Whether it comes to young, intermediate or successful companies, all are bound to face the inevitable truth of evolving facility management practices. The sad truth is that most facility managers are deficient in the knowledge or simply lack an organised framework to the approach of managing their facilities.
The challenges of evolving technology, corporate competitions and social responsibility drive companies to the edge of bankruptcy unless action is taken. In response to these changing times a new ISO facility management standard will quite beneficial.
Facility management standards are simply interdisciplinary organisation functions aimed to monitor, assess, legislate, execute and advance programs and routines of an organisation to increase its compliance and operational inefficiencies. It entails a broad spectrum of activities such routine maintenance, fire safety, accessibility, health and safety, cleaning, energy management and sustainability, space management, security, grounds and landscape maintenance, solid waste management, integrated pest management among others.
This is a new professional discipline that pins the interest of real-estate, corporate and industrial sectors. Facility management forms the basis of a standardised module on which a company operates. If at all the standard is applicable it is implemented in other organisational sectors and the organisation's performance is compared to the executed standard. Further adjustments in the standard can be made to improve the facility’s pro-efficiency and quality of productivity. In addition, it ensures uniformity in work description while helping in the maintenance of working standards and forms a basis of self-assessment.
The development of facility standards dates back as far as 2003 within European countries to develop a common professionalism in the industrial and business sector with the aim of increasing the general productivity of the continent. Among these was the British Institute of Facility Management (BIFM), working with the BSI Facilities Management Committee, CEN 384 Technical Committee and ISO Technical Committee 267 for Facilities Management.
Before that, standard bodies were established as follows: International body was the International Standards Organisation (ISO), the regional body was the European Committee for Standardisation (CEN) and the national body was the British Standard Institute (BSI). In aim of achieving their objectives, European standards were established:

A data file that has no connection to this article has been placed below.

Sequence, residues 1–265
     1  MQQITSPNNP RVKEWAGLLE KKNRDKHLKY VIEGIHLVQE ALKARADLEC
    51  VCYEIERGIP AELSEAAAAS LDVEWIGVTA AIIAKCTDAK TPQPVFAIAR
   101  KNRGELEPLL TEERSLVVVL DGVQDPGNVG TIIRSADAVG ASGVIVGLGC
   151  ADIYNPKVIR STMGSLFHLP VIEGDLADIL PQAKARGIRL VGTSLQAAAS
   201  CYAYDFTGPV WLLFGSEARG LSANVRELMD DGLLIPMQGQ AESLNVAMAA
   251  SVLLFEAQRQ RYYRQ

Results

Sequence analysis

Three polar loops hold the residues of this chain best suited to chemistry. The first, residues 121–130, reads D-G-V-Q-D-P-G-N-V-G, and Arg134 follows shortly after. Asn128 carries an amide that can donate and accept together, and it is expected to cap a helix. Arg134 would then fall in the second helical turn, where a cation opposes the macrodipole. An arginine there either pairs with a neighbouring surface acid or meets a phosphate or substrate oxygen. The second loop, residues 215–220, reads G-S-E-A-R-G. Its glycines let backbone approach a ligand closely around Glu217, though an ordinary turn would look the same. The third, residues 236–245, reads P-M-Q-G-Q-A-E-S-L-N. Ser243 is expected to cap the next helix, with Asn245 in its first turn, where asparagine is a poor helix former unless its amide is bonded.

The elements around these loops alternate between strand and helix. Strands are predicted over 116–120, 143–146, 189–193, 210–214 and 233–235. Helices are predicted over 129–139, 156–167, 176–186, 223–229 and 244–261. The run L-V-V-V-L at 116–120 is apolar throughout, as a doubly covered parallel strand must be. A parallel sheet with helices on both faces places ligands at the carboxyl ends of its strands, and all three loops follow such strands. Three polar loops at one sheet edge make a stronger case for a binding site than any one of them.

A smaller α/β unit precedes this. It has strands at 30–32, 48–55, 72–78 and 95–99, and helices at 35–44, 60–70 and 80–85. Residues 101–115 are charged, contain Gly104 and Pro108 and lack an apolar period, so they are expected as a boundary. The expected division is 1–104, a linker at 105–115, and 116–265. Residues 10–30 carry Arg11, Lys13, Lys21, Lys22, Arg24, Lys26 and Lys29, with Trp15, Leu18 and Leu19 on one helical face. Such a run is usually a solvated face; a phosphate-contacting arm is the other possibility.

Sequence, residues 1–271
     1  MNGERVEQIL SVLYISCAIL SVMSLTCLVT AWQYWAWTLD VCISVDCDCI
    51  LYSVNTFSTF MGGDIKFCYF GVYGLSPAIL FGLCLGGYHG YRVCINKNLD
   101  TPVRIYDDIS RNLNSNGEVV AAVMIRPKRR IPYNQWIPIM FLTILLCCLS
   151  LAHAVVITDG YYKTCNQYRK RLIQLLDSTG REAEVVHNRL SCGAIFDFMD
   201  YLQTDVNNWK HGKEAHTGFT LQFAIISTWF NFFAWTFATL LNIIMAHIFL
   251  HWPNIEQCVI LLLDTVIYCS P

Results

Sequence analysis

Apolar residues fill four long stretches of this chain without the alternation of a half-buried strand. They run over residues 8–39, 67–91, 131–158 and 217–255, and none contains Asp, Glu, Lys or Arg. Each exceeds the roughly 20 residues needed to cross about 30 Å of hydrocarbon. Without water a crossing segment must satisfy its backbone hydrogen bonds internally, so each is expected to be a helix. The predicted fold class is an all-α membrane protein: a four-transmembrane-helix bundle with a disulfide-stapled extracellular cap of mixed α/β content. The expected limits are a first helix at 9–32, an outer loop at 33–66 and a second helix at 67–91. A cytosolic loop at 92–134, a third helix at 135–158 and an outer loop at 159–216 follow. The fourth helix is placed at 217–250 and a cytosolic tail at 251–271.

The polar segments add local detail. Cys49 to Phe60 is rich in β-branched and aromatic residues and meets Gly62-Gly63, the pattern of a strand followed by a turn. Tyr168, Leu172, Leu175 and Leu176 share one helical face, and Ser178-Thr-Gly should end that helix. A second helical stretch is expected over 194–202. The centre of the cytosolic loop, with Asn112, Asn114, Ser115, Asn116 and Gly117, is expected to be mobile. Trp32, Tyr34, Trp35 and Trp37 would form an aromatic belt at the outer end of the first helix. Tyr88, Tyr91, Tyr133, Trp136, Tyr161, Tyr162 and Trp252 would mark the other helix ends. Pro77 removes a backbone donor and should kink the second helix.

The general deficiency in the knowledge of facility management standards pushed the International Organisation for Standards (ISO) to delve into solving the mysteries behind this fast-growing operational discipline. In this quest of finding answers, a new international standard for facilities management was legally established by the ISO and given the mandate to source all relevant information concerning this new field.
In addition, there was the development of the ISO 18480, International Standards for Facility Management.In response to this, the publication of ISO 41011 and ISO 41012 explored the vocabulary and the guidance ont he development of agreements and strategic sourcing revolving facility management. Currently, the publication of ISO 41001 expected for 2018, is to touch on issues of development, execution and maintenance of facility management in all sectors such as global industry and commerce.
This will create a common ground in the management of organisations. This publication also provides guidelines or criteria on the credibility of the companies to perform their operations and differentiates companies through legal certification.
Among the great individuals taking part in this field is Stan Mitchell, the official chair of the British Standards Institute (BSI) FMW/1 facility management committee. Chairing the ISO TC 267 committee, he’s expected to monitor the development of standards and create an internationally recognised and acceptable suite of facility management standards.
The committee is set to define a conclusive, accredited and formal framework in facility management and oversee the quality, health and environmental management systems and occupational safety standards in existence. This will provide all companies with a framework of building and developing facilities management regime. In the future, ISO is expected to establish the Management Systems Standards (MMS) in response to the growing need of facility standardisation.
The future of facility management standards is set for a bright future and organisations all over the world should invest in this growing field in order to experience maximum efficient operations.